What’s up with Earth-8?

On October 14th, 2014, /u/switchfade asked the following on /r/DCcomics:

I’m interested in earth 8 and I like to get started with it,but I’ve searched everywhere and I’m seriously confused. What issues/series should I read?

OK, so nobody has really given you a very satisfactory answer and as no other questions this week have really needed my nerdiness, you get it all. So, here we go.

1) The history of Earth-8

So Earth-8 actually existed way back pre-Crisis, although then it wasn’t known as Earth-8 but as Angor, which first appeared in Justice League of America (Vol 1) #71 from May, 1969. From the DC Wiki:

The world of Angor was introduced in Pre-Crisis continuity as just another planet in another dimension.

So, presumably it was destroyed as part of Crisis on Infinite Earths, or maybe it was still out there as another planet. Either way, it doesn’t matter because…

With the recreation of the Multiverse following the events of 52, a version of Angor has been allocated to the parallel reality known as Earth-8. Angor is not referred to as Earth-8 until Countdown #29.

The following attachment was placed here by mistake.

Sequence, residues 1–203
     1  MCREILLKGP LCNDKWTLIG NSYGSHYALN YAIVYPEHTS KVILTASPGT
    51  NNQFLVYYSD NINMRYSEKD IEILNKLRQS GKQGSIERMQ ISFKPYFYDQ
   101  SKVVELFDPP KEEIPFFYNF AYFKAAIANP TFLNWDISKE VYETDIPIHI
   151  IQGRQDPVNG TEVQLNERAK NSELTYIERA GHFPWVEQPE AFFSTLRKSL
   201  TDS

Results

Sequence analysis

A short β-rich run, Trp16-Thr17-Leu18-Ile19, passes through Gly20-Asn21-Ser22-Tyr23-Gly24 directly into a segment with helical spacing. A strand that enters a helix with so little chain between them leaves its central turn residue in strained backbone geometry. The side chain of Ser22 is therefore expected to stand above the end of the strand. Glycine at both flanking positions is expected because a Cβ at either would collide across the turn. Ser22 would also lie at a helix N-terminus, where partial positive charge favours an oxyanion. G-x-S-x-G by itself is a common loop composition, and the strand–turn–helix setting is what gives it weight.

Earth-8 was a… weird place

So, in case you don’t know, following Infinite Crisis there was a weekly series called 52 (no relation to the ‘New 52’ current status quo) which saw, at the end, the Multiverse recreated with 52 new Earths which, the writers were keen to point out, may resemble pre-Crisis earths but weren’t the same – mainly so they could pick and chose as to what continuity they wanted to keep or discard.

(I assume if you’re asking about Earth-8 that you do have a bit of a grasp on the various Crisis events and their history, but if not, there’s a quick chronological primer with links to various wikis in my post history here.)

Anyway, we now had our Earth-8 – although the planet that was it’s analogue of Earth was still called Angor – and as the DC Wiki points out for it:

Like the pre-Crisis depiction of the inhabitants of Angor, the inhabitants of Earth-8 are explicit analogues to the characters of Marvel Comics. Also the events centering around the Metahuman Act is a nodding parody of Marvel’s Civil War.